multifamily building safe Archives - Vancouver Architect

Age-Friendly Home: More Renovation Tips

In the previous article, we have covered the topic of age-friendly home remodeling, and the ways proper adaptations can enable safe and comfortable aging-in-place. Here we will highlight some details that require special attention.

Age-Friendly Home Bathroom: Walk-in Bathtub or Walk-in Shower?

A walk-in bathtub is a favorite among some seniors who experience fatigue often and prefer to sit and bath over standing in the shower. Both solutions have their pros and cons, though. While a walk-in bathtub might be a more comfortable and more affordable investment at the start, it also costs more to use long-term.

west Vancouver bathroom project
Age-friendly home: west Vancouver bathroom project

A walk-in shower with an energy-efficient showerhead will not just ease your life. It will also save you some money on your water bill, up to 30%. Furthermore, it will make your property more competitive in the market, if you ever decide to sell. A renovated, modernized bathroom adds value to your home. 

For seniors with demanding physical conditions, there are also hands-free shower chairs that fit into a walk-in shower.

Grab Bar for Shower/ Tub

Installing grab bars in the right places all around the bathroom is obligatory for an age-friendly home. Equally important is to make sure they are installed correctly and sturdy enough to support sudden shocks and substantial weight.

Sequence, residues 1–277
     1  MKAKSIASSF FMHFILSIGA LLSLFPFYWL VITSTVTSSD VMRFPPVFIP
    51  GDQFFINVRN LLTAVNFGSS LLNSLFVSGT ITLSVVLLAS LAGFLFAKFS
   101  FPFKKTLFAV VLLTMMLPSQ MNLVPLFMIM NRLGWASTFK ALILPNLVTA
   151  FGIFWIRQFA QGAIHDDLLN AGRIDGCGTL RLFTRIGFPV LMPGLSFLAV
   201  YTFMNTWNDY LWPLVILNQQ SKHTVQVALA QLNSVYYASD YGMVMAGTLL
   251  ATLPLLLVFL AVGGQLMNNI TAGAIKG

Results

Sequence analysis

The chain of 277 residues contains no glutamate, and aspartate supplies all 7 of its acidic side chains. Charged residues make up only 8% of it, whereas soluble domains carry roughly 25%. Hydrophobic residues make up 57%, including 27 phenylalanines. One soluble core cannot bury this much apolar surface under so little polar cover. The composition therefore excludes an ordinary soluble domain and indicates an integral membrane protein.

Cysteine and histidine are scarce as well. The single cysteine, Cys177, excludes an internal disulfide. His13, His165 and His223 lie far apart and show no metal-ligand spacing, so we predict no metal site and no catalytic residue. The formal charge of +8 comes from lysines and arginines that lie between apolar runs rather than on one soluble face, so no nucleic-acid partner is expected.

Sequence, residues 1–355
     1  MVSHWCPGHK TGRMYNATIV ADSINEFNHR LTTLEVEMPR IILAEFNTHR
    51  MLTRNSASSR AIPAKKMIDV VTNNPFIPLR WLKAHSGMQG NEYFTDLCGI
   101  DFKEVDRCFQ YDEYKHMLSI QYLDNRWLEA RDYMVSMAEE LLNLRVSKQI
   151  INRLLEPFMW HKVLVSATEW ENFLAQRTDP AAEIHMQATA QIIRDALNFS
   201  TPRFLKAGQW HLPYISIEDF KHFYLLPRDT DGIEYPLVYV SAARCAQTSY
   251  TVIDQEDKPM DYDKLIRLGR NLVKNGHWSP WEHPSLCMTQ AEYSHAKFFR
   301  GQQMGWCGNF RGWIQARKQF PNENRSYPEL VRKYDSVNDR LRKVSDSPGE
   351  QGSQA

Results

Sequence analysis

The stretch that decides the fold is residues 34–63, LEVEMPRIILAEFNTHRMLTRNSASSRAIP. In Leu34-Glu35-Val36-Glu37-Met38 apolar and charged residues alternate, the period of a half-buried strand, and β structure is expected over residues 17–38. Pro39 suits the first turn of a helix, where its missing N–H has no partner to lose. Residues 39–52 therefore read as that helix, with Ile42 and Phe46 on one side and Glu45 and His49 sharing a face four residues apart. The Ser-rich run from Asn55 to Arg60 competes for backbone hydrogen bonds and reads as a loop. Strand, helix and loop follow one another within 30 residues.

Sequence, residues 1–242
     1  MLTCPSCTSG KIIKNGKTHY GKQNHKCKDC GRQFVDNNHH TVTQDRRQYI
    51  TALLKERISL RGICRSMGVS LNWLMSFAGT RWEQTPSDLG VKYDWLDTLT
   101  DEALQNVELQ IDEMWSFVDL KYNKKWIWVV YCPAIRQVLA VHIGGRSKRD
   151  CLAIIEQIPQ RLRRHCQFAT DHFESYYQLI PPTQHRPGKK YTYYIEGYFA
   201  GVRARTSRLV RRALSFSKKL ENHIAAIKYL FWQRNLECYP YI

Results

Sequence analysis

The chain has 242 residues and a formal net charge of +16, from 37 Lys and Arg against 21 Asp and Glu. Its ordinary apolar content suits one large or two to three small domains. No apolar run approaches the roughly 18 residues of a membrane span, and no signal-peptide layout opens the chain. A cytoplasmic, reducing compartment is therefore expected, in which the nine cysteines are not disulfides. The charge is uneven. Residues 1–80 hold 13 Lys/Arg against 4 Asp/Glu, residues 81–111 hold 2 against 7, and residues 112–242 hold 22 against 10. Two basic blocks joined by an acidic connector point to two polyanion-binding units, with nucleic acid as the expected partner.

Safety bars can help people move around the bathroom more securely. It supports the body in case of sudden fatigue and protects you from injuries if you slip on the wet floor. Properly installed and conveniently positioned safety bars can help prevent bathroom accidents or even death.

Permanently installed safety bars must be anchored to the wall and made of durable materials like stainless steel. Don’t confuse them with suction cup bars, as those are intended only to provide limited assistance with balance.

Age-friendly home, grab bars
Image source: Flicker

Ideally, there should be a vertical entrance bar on a wall opposite the faucet wall, and another one on the faucet wall. For additional safety, one or two horizontal safety bars should be on a side wall, too. That way, you’ll have a bar available in any situation or position. 

Grab Bar for Toilet

Grab bars for the toilet, ideally, come as a pair that surrounds both sides and hosts both arms for proper support. Those are fixed to the wall behind, at one point each. Adequate installation is obligatory to ensure full safety. 

If your bathroom is small and you also worry about aesthetics, opt for multifunctional bars, like 2-in-1. These can also serve other practical purposes, such as holding hand-towels or toilet paper. Other options are wavy bars or long corner grab bars. The latter is a continuous rail that can stretch from the toilet to the door and makes an ideal solution if you need both vertical and horizontal support. 

Age-friendly home, toilet grab bars
Image source: Flicker

Finally, there are moveable grab bars. Those can be hinged to the wall and swiveled or folded out of the way when not in use. These types of bars are ideal for larger toilet areas and people who don’t require bar support all the time. 

Raised Toilet Seats

One of the significant challenges that come with age is bending down safely. An age-friendly home should feature modifications that bring things closer to a senior resident, eliminating most of the bending need. By raising the toilet seat up higher than a traditional toilet, we reduce the chance of an injury and minimize the pains.